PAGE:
A Short Visit to Enoshima using Enoshima Electric Railway

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A Short Visit to Enoshima using Enoshima Electric Railway
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Tags: destinationsgourmethistoricalsiteskanagawakantoshrines

Enoshima is situated just a few minutes away from Kamakura in Kanagawa Prefecture. You can visit most of Enoshima’s top attractions in just one day. One way to enjoy Enoshima at the utmost experience is by Enoshima Electric Railway or also known as Enoden. To use this train, you must purchase Enoshima 1-Day Pass which is sold for only ¥1,000 for adults and ¥500 for children. You can ride the train for an unlimited of time in a day and you will also receive discounts if you show the pass at any selected restaurants, souvenir shops and attractions in Enoshima. We recommend you using the ENO=PASS as it is much more affordable than paying for individual tickets.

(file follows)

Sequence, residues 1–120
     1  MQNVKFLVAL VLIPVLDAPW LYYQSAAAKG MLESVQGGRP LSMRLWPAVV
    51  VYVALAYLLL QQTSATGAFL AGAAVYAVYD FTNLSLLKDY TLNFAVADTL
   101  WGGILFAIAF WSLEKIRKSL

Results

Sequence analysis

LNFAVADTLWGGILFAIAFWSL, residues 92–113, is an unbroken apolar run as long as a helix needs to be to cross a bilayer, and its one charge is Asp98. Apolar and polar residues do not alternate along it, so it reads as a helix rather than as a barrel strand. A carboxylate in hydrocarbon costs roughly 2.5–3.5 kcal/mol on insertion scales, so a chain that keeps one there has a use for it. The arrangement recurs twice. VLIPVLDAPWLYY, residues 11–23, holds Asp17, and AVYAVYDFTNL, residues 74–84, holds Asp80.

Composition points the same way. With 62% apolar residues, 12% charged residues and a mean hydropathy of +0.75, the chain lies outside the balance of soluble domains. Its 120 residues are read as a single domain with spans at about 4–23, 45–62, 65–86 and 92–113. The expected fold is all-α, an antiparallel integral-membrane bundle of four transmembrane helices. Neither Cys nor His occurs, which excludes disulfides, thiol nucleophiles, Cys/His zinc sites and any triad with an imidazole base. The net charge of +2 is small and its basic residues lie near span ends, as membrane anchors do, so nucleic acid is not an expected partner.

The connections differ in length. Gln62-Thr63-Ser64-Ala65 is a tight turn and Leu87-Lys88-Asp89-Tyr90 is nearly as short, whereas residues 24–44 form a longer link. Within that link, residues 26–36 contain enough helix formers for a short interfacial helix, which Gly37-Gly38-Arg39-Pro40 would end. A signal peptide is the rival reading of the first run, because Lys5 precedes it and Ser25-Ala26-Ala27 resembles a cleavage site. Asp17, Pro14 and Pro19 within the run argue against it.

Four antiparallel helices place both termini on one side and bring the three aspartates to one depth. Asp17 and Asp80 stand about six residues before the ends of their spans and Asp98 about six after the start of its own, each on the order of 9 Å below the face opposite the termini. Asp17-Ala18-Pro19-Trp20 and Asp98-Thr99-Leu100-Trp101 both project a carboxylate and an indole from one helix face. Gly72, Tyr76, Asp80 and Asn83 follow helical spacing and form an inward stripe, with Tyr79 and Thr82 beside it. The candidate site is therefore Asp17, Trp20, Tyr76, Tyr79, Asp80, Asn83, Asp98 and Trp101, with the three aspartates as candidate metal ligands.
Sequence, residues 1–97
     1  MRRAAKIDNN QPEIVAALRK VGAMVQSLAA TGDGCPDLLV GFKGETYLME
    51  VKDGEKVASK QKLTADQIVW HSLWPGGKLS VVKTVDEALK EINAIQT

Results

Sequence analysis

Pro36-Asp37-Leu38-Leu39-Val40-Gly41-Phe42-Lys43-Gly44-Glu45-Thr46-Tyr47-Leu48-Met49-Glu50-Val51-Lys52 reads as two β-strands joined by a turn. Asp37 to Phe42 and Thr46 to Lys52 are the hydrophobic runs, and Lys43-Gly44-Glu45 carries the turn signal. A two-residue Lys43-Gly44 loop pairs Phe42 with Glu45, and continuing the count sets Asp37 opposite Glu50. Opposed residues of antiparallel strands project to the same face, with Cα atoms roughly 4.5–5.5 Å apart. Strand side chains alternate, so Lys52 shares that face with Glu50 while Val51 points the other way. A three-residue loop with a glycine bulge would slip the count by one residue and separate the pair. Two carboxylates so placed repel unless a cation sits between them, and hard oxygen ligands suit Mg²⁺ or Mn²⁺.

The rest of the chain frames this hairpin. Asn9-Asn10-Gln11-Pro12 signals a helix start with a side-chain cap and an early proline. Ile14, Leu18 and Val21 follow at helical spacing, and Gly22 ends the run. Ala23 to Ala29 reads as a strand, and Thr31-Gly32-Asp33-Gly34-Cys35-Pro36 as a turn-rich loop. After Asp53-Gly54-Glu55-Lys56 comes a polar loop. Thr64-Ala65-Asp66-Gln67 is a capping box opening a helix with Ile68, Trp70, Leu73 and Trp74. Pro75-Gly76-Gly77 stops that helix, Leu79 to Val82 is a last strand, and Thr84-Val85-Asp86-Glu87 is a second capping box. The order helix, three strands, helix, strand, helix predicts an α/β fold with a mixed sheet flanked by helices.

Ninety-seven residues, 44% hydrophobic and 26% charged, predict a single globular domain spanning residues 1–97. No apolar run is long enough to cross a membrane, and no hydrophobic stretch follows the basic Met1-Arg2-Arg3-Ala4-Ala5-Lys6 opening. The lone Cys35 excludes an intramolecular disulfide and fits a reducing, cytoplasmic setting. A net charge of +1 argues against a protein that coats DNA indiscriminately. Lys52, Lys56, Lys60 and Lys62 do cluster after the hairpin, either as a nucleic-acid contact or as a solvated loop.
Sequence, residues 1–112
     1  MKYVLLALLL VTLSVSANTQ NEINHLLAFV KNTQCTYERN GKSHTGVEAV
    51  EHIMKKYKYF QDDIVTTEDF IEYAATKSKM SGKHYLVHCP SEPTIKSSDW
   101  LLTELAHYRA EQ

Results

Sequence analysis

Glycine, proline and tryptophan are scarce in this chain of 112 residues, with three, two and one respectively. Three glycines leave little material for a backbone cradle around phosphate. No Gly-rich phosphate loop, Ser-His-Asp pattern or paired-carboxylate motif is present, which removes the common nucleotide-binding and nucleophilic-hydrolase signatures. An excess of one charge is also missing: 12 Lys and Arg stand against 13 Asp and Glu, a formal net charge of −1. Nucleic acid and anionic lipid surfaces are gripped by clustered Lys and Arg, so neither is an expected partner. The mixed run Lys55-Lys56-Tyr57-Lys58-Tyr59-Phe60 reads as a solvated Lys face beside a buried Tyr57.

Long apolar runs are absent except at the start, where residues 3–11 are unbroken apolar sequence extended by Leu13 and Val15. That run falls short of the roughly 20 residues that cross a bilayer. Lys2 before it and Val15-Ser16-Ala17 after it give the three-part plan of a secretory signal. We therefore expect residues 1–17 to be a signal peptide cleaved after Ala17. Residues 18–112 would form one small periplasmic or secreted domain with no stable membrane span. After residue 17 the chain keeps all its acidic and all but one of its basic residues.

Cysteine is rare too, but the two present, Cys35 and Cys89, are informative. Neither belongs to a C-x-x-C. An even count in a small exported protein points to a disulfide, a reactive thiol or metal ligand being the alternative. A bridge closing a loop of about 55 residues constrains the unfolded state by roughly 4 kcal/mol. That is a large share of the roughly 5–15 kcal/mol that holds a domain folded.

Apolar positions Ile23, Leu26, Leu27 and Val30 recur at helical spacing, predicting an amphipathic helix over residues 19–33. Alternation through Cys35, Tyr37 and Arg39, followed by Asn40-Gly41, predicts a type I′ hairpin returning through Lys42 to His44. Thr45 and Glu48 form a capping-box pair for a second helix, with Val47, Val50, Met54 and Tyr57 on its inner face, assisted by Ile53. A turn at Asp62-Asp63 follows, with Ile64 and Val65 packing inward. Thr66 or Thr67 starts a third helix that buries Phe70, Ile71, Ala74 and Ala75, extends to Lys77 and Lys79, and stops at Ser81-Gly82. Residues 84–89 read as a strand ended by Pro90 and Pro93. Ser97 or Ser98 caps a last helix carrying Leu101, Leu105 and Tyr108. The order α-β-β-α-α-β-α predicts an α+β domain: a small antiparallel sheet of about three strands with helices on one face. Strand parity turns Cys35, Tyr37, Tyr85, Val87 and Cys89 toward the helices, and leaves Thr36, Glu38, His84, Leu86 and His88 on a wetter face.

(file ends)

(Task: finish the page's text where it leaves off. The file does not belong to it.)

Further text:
Image Source: Jom Japan.

How to Get to Enoshima?

From Shinjuku Station, take JR Shonan-Shinjuku Line for Ofuna. Then, transfer to JR Tokaido Line for Atami. Once you have arrived in Fujisawa, you can purchase the Enoshima 1-Day Pass and ride the Enoden to explore around Enoshima and Kamakura. But, on this trip, we are going to only Enoshima.  So, where should you go first? Let’s start the journey!

Image Source: Odakyu.

Enoshima Shrine

Enoshima Shrine is of The Three Great Benzaiten Shrines in Japan, followed by Itsukushima Shrine (Hiroshima) and Tsukubusuma Shrine (Shiga). This religious site contains three shrines that enshrined three goddesses; Tagitsuhime-no-Mikoto, Ichikishimahime-no-Mikoto and Tagirihime-no-Mikoto.

Image Source: Wowsabi.